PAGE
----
Quick Review (LP): Build A Rocket Boys! by Elbow

Elbow
Build A Rocket Boys!
Fiction; 2011

My Rating: A- (81/100)

Best Tracks: "The Birds", "Lippy Kids", "Jesus Is A Rochdale Girl", "Neat Little Rows", "Open Arms", "Dear Friends"

A big HUG of a record.

NOTES
– Elbow are a Brit-rock band that I meant to get into a few years back, after hearing "Forget Myself", a fantastic single. Alas, distractions…
– Great vocals – sounds like Peter Gabriel fronting U2. Similarities to Doves as well.
– "Lippy Kids" is gorgeous.
– "Love will find you out." Nice.
– Surprisingly big when it’s really quiet and intimate. See "The Night Will Always Win." Just Guy and an omnichord at first.
– The nostalgic twinges really define this record. It’s like a big goodbye to childhood. At the same time, it’s a strong affirmation of youth.
– I really like this record (and this band), but as a whole it doesn’t quite knock it out of the park like I was hoping it would. There are several fantastic tracks, and the production is gorgeous, but there isn’t that defining moment that one would hope for from a band of this caliber. Still, I’m sure I’ll be playing this regularly throughout 2011.
Ian Cohen of Pitchfork: "[W]hile Garvey is a phenomenal vocalist and wordsmith, the dots don’t always connect to form memorable songs. That’s particularly glaring during Build a Rocket‘s pokey midsection, which abates melodically and hangs on to Garvey’s redolent lyrics for dear life." Word.

ATTRIBUTES
Cohesion (4.5/5)
Consequence (4/5)
Consistency (4.5/5)
Concept (5/5)
Songs (4.5/5)

Worth Shouting About: Givers

I’m certainly not the first one to recognize something noteworthy about Givers of Lafayette, Louisiana. Paste, Spinner, and others beat me to the punch. However, they certainly get a “highly anticipated” vote from me based on what I’ve heard so far. Seeming to combine influences ranging from Flaming Lips to Peter Gabriel to Talking Heads to Vampire Weekend, I’m thinking these guys will be playing SNL sometime around summer 2011. It may be effervescent, but I’ve got a gut feeling that the bubbles are only the run-off from a hyper-creative hot spring residing in this collective. For now, go ahead and enjoy yourself some free mp3s via Daytrotter (below) and get to know this band before everyone else does.

get the Daytrotter session

get their debut EP

The Fire Theft: The Fire Theft (2003)

The Fire Theft
The Fire Theft; 2003
Rykodisc
My Rating: 83/100
You can’t really blame the Sunny Day Part Deux trio of Enigk/Hoerner/Goldsmith for splitting after THE RISING TIDE. While that album had a few brilliant moments, overall it was a mess of genre-synthesis gone bad. Kudos for trying, but the band just couldn’t find a happy medium between their emo roots and their prog leanings. The great news is that the Sunny Day Part Tre trio of Enigk/Mendel/Goldsmith (aka The Fire Theft) found an excellent way ahead on their 2003 debut, abandoning emo all together and creating a sublime piece of prog majesty. Once heard in the right context (“Chain”, “Heaven”), Enigk’s voice is a no-brainer for prog, nuzzling itself into the happy medium between Peter Gabriel and Geddy Lee. The abandonment of punk tempos hasn’t left the music boring either, as the band’s instrumental chops are still firmly intact. But it’s the songs that really stand out for The Fire Theft. From the aggressive and soaring “Chain” to the gorgeous, piano-based “Summertime,” it’s exceptionally rewarding to see a group of musicians with so much water under the bridge find so many new ways forward. Sunny Day Real Estate reunions aside, I find myself in the small camp of those thirsting for a follow-up from The Fire Theft.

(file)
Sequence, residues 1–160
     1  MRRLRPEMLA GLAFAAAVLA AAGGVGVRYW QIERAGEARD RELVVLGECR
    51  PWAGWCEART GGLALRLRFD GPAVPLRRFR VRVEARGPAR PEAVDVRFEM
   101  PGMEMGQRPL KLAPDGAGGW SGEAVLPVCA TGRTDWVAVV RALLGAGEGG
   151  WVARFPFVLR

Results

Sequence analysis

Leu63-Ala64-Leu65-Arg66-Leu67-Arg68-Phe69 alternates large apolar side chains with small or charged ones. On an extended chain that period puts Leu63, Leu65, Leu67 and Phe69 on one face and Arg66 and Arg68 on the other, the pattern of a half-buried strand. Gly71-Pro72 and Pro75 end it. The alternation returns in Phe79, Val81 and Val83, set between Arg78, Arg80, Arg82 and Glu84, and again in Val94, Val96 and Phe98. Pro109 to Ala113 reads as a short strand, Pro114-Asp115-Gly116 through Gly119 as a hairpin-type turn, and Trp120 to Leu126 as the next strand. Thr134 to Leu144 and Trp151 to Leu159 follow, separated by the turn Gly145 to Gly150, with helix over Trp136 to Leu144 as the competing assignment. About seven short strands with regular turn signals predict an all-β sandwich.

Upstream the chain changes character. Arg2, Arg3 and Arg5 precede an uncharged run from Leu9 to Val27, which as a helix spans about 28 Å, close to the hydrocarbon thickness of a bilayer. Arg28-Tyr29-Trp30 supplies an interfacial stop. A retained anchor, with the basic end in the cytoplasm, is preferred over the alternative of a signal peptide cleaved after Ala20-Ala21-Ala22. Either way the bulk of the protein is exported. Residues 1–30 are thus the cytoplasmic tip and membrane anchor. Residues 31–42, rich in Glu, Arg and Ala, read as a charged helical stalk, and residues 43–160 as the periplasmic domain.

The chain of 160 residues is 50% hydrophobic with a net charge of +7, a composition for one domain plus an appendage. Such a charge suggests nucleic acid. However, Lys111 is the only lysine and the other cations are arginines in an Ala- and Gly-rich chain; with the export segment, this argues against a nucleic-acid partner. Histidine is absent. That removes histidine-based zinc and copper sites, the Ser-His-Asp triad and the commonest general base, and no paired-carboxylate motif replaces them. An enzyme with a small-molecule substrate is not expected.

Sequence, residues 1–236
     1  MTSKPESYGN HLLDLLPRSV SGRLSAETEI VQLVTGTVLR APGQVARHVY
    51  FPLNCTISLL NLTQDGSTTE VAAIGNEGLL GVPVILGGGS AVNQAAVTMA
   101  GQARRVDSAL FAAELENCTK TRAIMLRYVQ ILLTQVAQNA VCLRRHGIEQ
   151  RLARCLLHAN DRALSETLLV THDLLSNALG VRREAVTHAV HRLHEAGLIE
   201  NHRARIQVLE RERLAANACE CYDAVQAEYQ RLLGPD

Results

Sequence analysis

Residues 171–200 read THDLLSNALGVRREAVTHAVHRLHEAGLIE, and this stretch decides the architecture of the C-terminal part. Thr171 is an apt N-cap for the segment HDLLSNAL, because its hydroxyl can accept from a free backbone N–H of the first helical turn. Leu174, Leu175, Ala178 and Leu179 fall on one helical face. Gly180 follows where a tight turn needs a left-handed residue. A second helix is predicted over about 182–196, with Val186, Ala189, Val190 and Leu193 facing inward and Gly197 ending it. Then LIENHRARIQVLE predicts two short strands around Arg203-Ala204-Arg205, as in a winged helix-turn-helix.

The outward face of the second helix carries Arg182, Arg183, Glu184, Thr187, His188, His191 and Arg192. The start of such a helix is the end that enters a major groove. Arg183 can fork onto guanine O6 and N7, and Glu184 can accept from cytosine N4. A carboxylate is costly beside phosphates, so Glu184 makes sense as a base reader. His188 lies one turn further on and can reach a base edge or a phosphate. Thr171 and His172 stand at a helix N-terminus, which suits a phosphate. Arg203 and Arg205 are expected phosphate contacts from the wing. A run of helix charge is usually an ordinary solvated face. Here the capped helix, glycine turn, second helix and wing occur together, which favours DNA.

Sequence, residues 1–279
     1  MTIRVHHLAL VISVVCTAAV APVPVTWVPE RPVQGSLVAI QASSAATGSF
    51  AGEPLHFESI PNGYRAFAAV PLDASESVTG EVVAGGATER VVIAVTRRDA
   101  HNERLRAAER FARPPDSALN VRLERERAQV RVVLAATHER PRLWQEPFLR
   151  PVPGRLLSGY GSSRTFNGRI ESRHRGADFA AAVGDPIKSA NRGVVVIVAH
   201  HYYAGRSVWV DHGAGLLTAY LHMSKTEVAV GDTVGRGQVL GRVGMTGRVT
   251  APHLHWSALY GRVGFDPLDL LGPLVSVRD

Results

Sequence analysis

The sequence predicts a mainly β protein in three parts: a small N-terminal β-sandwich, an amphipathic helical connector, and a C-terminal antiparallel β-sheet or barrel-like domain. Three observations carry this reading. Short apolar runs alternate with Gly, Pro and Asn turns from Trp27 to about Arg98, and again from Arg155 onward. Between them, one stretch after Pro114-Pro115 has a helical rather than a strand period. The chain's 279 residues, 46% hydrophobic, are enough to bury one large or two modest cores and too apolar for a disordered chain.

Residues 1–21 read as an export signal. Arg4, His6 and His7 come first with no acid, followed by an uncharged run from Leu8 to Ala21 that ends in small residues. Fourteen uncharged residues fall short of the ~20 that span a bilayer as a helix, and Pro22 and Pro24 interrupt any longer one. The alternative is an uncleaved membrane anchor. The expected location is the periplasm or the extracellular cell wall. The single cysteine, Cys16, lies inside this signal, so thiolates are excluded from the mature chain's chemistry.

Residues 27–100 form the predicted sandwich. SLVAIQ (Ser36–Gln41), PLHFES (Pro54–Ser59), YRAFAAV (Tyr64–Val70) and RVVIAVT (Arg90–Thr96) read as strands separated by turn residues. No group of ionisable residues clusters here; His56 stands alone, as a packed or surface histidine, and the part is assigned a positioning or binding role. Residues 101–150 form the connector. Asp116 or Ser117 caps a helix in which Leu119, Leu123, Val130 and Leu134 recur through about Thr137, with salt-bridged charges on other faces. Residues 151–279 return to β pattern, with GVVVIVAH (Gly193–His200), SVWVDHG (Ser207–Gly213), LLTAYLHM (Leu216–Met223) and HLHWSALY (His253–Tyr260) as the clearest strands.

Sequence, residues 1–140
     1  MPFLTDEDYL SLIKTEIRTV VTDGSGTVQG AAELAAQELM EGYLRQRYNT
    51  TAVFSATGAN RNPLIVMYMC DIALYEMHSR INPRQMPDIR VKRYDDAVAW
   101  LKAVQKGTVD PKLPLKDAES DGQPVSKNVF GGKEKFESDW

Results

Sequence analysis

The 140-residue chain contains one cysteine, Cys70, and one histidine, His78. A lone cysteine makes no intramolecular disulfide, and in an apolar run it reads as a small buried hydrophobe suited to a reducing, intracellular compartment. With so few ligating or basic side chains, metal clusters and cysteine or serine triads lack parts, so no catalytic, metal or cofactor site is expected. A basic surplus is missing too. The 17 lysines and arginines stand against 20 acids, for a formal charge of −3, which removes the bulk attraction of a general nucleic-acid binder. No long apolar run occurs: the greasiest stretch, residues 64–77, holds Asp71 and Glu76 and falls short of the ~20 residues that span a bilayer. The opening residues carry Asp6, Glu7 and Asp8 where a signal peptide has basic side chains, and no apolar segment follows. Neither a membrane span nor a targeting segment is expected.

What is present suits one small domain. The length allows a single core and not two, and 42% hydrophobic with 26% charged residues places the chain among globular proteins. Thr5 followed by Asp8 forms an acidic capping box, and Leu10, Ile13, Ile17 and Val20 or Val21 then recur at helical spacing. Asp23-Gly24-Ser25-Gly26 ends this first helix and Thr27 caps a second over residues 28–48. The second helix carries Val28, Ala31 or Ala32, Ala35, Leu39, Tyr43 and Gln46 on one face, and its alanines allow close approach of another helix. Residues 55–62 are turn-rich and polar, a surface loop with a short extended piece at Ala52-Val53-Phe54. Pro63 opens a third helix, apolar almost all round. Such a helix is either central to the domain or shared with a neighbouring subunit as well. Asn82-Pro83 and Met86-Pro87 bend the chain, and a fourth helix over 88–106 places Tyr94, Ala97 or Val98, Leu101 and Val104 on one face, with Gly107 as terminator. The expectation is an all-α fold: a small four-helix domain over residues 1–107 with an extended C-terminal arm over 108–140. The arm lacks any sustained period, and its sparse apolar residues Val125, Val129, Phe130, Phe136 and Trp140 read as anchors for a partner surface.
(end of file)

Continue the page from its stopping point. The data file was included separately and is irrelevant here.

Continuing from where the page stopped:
Cohesion (5/5)
Concept (4/5)
Consequence (4.5/5)
Consistency (4.5/5)
Tracks:
1. Uncle Mountain (3.5/5)
2. Waste Time Segue
3. Oceans Apart (4/5)
4. Chain (5/5)
5. Backward Blues
6. Summertime (5/5)
7. Houses (5/5)
8. Waste Time (5/5)
9. Heaven (5/5)
10. Rubber Bands (4/5)
11. It’s Over (5/5)
12. Carry You (5/5)
13. Sinatra (4/5)

FiretheftThe Fire Theft
The Fire Theft; 2003
Rykodisc

My Rating: 83/100

You can’t really blame the Sunny Day Part Deux trio of Enigk/Hoerner/Goldsmith for splitting after THE RISING TIDE. While that album had a few brilliant moments, overall it was a mess of genre-synthesis gone bad. Kudos for trying, but the band just couldn’t find a happy medium between their emo roots and their prog leanings. The great news is that the Sunny Day Part Tre trio of Enigk/Mendel/Goldsmith (aka The Fire Theft) found an excellent way ahead on their 2003 debut, abandoning emo all together and creating a sublime piece of prog majesty. Once heard in the right context (“Chain”, “Heaven”), Enigk’s voice is a no-brainer for prog, nuzzling itself into the happy medium between Peter Gabriel and Geddy Lee. The abandonment of punk tempos hasn’t left the music boring either, as the band’s instrumental chops are still firmly intact. But it’s the songs that really stand out for The Fire Theft. From the aggressive and soaring “Chain” to the gorgeous, piano-based “Summertime,” it’s exceptionally rewarding to see a group of musicians with so much water under the bridge find so many new ways forward. Sunny Day Real Estate reunions aside, I find myself in the small camp of those thirsting for a follow-up from The Fire Theft.

Cohesion (5/5)
Concept (4/5)
Consequence (4.5/5)
Consistency (4.5/5)

Tracks:

1. Uncle Mountain (3.5/5)
2. Waste Time Segue
3. Oceans Apart (4/5)
4. Chain (5/5)
5. Backward Blues
6. Summertime (5/5)
7. Houses (5/5)
8. Waste Time (5/5)
9. Heaven (5/5)
10. Rubber Bands (4/5)
11. It’s Over (5/5)
12. Carry You (5/5)
13. Sinatra (4/5)